Without a doubt, COVID-19 has imposed a burden on every aspect of life. The restrictions put in place to protect us from it have also affected our lives. One area particularly impacted has been the capacity to execute estate planning documents. For an unfortunate many, COVID-19 has taken the lives of loved ones. For these families, restrictions also have impacted access to the probate process. This article discusses the impact of these restrictions and how the impact of restricted access to the courts could have been avoided.
Experiencing a death in the family is difficult. It can place an emotional, physical and financial burden on the surviving family members. Even when a death occurs under the most normal circumstances, it can turn the lives of surviving family members inside-out. And if you are the family member named as the executor for the decedent's estate, it is especially difficult to mourn the loss of your loved one and still focus on your responsibilities as executor, many of which happen right away.
Now add to the equation a global COVID-19 pandemic that forces the probate court process to shut down entirely or implement significant restrictions to access and you find yourself with not only a lot of questions but possibly a lot of unanticipated expenses, which could have been avoided.
What are my responsibilities as executor?
An executor, also known as a personal representative, is responsible for the administration of the decedent's estate upon their death. The administration of the estate normally takes place in a court process called probate. The probate process allows the court to oversee and approve the administration of the estate and the distribution of the decedent's property.
The executor has many important duties to fulfill during the probate process. In fact, the executor is responsible for starting the process. To do that, there are certain things that the executor must do right away.
Here is a list of duties that the executor has from the time the decedent dies until the court approves the administration of the decedent's estate and closes the probate process on the estate:
- Obtain the decedent's death certificate
- Locate the decedent's will and other estate planning documents
- Compile all assets and debts
- Notify creditors and beneficiaries
- Pay taxes
- Transfer title
- Distribute property
- File an accounting
The normal probate process can take months or sometimes years to complete, depending on the nature of the estate. Every delay or interruption in the process can add months to the final administration and stress to the family members. As if the process were not difficult enough, just as so many industries and government agencies have experienced recently, the current COVID-19 restrictions have imposed additional hurdles and have brought the probate process to a near standstill.
What is the effect of COVID-19 restrictions?
Together, the virus and the restrictions against it have had a significant impact on estate planning during life and probate filing after death. In both cases, families have had to make adjustments. Because of quarantine restrictions and social distancing, those who want to complete their estate plans with their attorney have had to find alternative means for executing documents. These have included:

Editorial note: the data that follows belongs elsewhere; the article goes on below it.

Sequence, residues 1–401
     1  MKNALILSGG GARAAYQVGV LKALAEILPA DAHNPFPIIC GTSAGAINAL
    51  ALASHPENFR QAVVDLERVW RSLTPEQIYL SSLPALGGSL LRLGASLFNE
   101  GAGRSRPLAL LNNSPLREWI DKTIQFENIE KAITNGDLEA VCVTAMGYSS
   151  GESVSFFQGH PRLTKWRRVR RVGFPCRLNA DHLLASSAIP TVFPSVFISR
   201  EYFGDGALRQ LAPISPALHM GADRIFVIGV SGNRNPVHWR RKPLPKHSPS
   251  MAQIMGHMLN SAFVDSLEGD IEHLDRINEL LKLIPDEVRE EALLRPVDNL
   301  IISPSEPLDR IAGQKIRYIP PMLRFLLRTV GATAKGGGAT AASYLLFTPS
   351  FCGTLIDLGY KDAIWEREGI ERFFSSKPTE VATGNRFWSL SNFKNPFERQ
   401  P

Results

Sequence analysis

- Limiting contact with the attorney
- Electronic signings and notarizations
- Using online services
- Do-it-yourself documents
- Do without
For those who have been able to execute documents with their attorney, procedures have had to change. Perhaps testators and witnesses have to remain in different rooms but are able to observe the other sign. For some, the only contact with their attorney is through telephone.
Before the pandemic arose, several states had adopted the Uniform Electronic Wills Act, allowing for online signing of estate planning documents and minimizing the physical interaction of the parties. When COVID-19 took hold, state governors issued executive orders temporarily allowing for remote online notarization (RON) to assist with the execution of estate planning documents during this time of restriction. RON allows parties to notarize their signatures remotely from other parties through a two-way audio and video connection. Documents are signed and stored online.
There has been a significant uptick in the use of online estate planning services, especially since the coronavirus hit. Although these services are useful, they too can affect the nature and quality of the legal advice one receives when in executing their documents.
Many have resorted to simplifying their estate planning documents and just doing it themselves. Of course, this limits the scope and effectiveness of the documents because these tend to be done without, or with minimal, legal advice.
Unfortunately, there are some for whom these accommodations are not sufficient. Many older people restricted to care facilities or incapable of the technological necessities for executing documents electronically must go without further estate planning.
Despite the necessary restrictions to protect against the virus, most wishing to execute estate planning documents have been able to do so. In fact, if these restrictions lead to procedures that serve as workable conveniences, you can expect to see more states adopting electronic wills and RON provisions as commonly available for executing estate documents.